Citing a recent report that estimates the Affordable Care Act’s health insurance tax will force families purchasing coverage in the small group market to pay an additional $500 on average in premium costs next year, the American Farm Bureau Federation and 20-plus other organizations representing small businesses are urging the Senate Finance Committee to suspend the HIT for 2018.
“Absent immediate congressional action, our members, as well as seniors, Medicaid beneficiaries and individuals purchasing coverage on their own will face a $14.3 billion tax hike, driving up the cost of coverage for those struggling to afford the cost of care,” the groups—all members of the Stop the HIT Coalition—wrote to Senate Finance Committee Chair Orrin Hatch (R-Utah) and Ranking Member Ron Wyden (D-Ore.).
The groups noted that previous congressional efforts to provide HIT relief—including bipartisan action from nearly 400 Republicans and Democrats in the House and the Senate to suspend the HIT for 2017—represented a significant step forward for small businesses.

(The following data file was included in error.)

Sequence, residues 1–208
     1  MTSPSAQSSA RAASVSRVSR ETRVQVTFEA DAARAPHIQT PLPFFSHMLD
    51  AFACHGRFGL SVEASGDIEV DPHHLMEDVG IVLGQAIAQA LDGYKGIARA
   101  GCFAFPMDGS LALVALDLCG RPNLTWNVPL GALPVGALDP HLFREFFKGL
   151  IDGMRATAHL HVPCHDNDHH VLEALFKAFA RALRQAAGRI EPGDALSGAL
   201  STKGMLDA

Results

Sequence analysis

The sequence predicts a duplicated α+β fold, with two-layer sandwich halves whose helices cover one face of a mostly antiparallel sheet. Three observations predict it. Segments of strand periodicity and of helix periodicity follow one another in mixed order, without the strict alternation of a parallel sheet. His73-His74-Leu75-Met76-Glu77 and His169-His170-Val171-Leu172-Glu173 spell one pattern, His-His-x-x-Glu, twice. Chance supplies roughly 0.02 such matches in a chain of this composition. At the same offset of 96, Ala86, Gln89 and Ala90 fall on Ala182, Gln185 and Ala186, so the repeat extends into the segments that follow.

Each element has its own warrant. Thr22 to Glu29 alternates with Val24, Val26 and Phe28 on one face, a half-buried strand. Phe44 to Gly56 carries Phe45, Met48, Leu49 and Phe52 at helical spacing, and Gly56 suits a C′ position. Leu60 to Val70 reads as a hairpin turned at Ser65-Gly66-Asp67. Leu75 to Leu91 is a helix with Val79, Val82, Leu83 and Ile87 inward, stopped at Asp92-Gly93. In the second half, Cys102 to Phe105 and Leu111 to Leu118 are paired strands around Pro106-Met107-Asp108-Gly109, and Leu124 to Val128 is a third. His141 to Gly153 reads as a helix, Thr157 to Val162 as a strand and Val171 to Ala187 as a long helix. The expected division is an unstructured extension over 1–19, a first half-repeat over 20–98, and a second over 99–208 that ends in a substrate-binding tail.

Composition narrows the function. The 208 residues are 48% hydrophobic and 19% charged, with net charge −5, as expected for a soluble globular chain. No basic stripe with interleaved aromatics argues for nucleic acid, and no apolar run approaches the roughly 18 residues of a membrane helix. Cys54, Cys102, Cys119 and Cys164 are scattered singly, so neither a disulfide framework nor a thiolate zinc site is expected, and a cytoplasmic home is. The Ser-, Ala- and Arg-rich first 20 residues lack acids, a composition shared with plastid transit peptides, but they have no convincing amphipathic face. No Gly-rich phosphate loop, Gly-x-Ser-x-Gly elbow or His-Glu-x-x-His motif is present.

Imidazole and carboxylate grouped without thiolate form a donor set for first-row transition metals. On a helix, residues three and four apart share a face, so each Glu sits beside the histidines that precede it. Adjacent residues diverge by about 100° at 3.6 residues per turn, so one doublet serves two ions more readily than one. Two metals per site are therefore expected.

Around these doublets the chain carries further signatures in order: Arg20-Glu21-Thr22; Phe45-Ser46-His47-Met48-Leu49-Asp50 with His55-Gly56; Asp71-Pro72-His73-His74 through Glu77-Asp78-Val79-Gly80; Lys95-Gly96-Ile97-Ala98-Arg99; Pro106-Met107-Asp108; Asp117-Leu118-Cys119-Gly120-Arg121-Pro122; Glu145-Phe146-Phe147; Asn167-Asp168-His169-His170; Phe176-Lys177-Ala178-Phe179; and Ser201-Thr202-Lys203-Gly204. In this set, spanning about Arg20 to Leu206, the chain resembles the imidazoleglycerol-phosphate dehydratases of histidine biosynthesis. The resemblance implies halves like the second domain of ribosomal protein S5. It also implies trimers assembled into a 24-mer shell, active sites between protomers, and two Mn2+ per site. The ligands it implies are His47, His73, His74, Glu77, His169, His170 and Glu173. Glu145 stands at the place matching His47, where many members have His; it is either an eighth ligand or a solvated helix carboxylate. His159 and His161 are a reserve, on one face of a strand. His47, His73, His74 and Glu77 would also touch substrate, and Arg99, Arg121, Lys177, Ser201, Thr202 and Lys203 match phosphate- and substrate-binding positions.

The House this spring approved legislation to repeal and replace the Affordable Care Act. The American Health Care Act of 2017 (H.R. 1628) also repealed the health insurance tax, ended penalties on employers that fail to purchase health insurance for their workers and eliminated penalties for individuals who fail to purchase health insurance.
While efforts to pass an ACA repeal and replace bill fizzled out in the Senate earlier this summer, some lawmakers in that chamber are pressing on. Senate Health, Education, Labor and Pensions Committee Chair Lamar Alexander (R-Tenn.) has teamed up with Ranking Member Patty Murray (D-Wash.) in an effort to draft legislation geared toward stabilizing health insurance markets. Also, Sens. Lindsey Graham (R-S.C.), Bill Cassidy (R-La.), Dean Heller (R-Nev.) and Ron Johnson (R-Wis.) recently announced legislation that would convert ACA funding into block grants.
In addition, the Senate HELP Committee conducted a series of ACA hearings over the past two weeks and the Senate Finance Committee is holding a hearing on Sept. 14 on health care issues.